On September 18 the Federal Reserve cut fed funds by 25 basis points to 1.75%-2.00%. Fed Chairman Jerome Powell read a very boring statement and seemed to ignore the recent spike in repo rates. The big elephant in the room is that there is not enough liquidity in the banking system and the Fed had to inject $204 billion into the markets this week. Repo rates hit as high as 10% as the Fed lost control, which made a quarter point reduction in Fed Funds irrelevant.
The Fed has reduced the level of banking reserve too much and will need to start growing its balance sheet again. Mark Cabana, an analyst for Bank of America blamed the spike in overnight lending rates on the Fed badly underestimating the amount of cash needed to keep the financial system operating smoothly. According to Cabana, US companies withdrew vast sums of money from banks to make quarterly tax payments to the US Treasury. That forced banks to draw down their reserves. B of A has concluded the Fed will need to issue $200 billion in T-bills in the next two months which will further drain liquidity.
The surge in Treasury repo rates poses a threat to the market because traders will not take new positions without confidence in their ability to obtain funding at consistent rates. If the plumbing does not work everything starts to break down. The Fed is losing control of the Fed Funds Rate at the short end because US. Deficits are growing and the primary treasury dealers are holding too much inventory. Foreign investors are not buying US Treasuries as much because carry costs have risen.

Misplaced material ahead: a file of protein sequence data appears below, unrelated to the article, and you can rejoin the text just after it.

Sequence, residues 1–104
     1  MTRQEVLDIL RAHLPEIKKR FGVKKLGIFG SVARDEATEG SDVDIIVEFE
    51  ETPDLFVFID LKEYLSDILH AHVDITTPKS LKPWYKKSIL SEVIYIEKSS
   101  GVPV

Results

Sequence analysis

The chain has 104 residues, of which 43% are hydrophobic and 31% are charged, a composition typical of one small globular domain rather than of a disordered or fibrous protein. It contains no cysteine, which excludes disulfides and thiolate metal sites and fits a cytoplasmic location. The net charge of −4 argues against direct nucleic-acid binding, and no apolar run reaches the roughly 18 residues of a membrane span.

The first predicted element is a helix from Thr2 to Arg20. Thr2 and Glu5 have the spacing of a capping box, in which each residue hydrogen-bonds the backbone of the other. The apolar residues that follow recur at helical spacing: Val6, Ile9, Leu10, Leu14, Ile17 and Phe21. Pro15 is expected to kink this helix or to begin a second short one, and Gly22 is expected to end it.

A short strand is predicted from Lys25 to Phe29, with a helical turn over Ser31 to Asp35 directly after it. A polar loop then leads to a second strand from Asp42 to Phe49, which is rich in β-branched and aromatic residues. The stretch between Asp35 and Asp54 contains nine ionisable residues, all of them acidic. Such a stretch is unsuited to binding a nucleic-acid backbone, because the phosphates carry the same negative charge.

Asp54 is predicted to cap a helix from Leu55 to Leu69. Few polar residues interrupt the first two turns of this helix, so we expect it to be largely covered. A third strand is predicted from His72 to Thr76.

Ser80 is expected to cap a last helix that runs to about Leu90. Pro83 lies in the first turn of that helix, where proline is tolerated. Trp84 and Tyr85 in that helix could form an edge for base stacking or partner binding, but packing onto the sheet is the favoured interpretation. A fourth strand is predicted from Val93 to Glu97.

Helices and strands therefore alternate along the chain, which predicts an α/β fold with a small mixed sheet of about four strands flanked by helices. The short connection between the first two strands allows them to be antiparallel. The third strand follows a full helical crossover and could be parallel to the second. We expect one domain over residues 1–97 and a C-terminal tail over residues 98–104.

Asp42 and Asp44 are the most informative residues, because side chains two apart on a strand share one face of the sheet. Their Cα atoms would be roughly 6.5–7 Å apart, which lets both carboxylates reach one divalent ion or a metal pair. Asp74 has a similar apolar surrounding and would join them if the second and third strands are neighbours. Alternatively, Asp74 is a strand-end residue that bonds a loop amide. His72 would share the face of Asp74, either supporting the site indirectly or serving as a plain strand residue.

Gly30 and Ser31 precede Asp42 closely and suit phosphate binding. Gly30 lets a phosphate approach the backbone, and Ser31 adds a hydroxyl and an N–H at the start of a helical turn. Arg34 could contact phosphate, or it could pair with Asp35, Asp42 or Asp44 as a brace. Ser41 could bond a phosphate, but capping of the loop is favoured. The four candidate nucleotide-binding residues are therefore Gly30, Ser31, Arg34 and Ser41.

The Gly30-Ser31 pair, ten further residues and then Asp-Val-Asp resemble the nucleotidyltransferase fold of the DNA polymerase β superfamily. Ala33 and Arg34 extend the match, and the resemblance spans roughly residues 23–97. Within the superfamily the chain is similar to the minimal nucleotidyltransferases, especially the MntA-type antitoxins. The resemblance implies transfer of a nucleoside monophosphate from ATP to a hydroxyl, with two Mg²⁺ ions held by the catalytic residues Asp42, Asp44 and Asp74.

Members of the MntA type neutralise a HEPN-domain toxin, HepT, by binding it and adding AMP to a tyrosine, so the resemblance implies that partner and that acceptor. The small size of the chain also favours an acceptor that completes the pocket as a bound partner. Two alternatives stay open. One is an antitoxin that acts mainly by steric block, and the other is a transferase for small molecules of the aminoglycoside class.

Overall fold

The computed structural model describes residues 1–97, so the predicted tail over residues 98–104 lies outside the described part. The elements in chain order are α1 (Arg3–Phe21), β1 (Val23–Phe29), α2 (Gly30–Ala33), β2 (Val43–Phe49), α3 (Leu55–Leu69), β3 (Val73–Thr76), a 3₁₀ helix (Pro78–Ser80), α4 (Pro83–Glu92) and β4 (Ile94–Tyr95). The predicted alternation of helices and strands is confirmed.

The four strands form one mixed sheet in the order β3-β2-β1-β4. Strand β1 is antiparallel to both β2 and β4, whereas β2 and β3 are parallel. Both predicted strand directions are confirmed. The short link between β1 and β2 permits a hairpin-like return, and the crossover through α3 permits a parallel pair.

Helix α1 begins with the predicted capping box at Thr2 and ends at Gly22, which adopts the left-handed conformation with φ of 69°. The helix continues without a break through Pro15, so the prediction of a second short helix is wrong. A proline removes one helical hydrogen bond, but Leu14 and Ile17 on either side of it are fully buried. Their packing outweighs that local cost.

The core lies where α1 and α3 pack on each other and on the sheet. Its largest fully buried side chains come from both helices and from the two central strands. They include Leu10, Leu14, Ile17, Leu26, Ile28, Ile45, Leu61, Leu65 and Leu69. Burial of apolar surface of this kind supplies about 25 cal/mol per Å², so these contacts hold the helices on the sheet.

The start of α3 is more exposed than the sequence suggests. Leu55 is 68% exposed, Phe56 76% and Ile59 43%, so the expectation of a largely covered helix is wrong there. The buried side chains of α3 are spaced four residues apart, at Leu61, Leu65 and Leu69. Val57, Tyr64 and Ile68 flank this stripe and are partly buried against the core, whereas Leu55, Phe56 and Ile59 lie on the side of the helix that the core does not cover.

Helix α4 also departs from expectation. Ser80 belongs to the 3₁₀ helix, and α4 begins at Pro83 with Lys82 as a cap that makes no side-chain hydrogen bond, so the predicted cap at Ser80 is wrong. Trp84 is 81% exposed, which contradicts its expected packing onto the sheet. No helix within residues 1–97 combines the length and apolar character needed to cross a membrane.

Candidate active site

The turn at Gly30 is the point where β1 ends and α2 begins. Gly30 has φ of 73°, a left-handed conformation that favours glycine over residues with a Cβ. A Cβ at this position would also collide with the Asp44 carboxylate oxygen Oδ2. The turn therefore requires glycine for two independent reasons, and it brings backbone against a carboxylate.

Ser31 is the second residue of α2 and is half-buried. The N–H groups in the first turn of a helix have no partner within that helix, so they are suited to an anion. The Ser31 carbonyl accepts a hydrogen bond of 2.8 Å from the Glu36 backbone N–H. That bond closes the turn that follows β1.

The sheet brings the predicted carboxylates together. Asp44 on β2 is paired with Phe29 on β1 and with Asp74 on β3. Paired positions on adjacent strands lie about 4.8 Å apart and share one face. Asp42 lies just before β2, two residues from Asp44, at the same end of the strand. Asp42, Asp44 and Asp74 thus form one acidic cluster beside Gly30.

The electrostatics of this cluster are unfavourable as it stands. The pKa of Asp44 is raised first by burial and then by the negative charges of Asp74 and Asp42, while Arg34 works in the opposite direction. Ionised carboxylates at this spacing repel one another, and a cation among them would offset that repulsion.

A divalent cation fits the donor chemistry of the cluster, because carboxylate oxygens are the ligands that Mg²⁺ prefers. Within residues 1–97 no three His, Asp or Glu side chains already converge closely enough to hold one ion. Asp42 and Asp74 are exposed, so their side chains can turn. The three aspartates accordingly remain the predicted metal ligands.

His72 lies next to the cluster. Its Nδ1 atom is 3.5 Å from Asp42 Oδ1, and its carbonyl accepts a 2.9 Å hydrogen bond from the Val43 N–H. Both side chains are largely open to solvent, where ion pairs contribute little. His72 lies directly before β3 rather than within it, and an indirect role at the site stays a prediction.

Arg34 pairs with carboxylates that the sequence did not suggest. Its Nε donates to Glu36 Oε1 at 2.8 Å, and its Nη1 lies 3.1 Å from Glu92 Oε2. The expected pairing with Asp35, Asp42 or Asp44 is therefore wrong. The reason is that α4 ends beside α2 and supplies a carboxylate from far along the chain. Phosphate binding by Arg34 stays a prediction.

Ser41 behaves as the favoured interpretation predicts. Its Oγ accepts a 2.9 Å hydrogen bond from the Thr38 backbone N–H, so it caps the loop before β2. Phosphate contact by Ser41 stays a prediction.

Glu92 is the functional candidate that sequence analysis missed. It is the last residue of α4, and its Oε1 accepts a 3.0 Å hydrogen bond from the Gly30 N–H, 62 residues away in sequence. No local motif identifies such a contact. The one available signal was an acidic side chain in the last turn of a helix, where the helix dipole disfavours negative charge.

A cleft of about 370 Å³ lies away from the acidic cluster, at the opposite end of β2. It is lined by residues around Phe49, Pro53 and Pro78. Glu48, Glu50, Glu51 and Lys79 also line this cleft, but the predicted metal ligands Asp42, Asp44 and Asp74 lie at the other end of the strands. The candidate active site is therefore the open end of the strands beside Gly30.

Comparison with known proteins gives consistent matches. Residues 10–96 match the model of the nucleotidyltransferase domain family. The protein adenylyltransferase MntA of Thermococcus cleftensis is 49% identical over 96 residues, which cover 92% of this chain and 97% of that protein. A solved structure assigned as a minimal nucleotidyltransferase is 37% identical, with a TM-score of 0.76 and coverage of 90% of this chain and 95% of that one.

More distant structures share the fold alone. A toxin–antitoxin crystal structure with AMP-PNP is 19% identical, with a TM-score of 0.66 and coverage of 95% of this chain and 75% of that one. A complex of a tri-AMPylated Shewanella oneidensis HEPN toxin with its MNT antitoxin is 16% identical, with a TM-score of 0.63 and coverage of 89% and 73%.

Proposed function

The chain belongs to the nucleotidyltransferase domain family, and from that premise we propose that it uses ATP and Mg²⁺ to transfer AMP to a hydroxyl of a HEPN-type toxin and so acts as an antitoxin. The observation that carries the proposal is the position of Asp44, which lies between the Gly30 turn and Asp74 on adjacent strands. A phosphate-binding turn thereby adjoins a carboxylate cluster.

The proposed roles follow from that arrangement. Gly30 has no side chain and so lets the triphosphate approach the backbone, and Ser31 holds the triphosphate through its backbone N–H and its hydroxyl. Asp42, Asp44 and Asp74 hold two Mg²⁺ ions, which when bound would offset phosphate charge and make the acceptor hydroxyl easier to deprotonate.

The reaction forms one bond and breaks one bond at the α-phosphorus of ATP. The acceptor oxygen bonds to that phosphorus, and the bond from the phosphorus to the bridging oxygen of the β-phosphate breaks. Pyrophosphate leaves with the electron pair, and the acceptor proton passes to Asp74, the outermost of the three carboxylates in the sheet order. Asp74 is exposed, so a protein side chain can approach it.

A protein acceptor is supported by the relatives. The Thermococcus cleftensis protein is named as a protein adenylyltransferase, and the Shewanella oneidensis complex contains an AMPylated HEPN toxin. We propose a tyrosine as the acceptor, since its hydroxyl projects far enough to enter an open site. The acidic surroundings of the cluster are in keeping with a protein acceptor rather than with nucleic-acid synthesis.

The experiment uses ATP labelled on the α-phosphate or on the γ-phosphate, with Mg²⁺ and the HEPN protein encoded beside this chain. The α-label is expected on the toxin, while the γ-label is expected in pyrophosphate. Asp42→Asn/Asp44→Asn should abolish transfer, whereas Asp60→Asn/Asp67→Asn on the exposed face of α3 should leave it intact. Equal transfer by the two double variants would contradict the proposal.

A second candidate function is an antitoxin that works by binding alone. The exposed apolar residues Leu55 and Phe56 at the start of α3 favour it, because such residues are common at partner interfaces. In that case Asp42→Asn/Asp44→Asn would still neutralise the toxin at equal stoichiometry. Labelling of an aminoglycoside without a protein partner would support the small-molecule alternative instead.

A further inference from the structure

The Fed's instant reaction so far has been to use Temporary Open Market Operations (TOMO) to inject cash into the repo market. The loans to the overnight repurchase markets enable dealers to finance and carry growing levels of Treasury inventory they have been forced to carry because of the deficit. The rates on some commercial paper jumped from 2.3% to 4.5%. Secured overnight financing rate (SOFR) jumped from 2.43% to 5.25% this past week.
At the next Fed meeting October 29-30, analysts at Goldman Sachs and B of A, believe the Fed will be forced to launch a Permanent Open Market Operations (POMO) and expand the Fed balance sheet by buying treasuries. Analysts at B of A Merrill Lynch estimate the Fed will need to purchase a total of $400 in Treasuries over the next year. This will restore $250 billion in banking reserves and a $150 billion buffer to avoid spikes in the repo rate. This POMO program is expected to start in November 2019. Annalists are careful to call it a POMO and not Quantitative Easing. Regardless of what it is called, it will be a monetization of the deficit, and will cause a spike in monetary assets such as gold.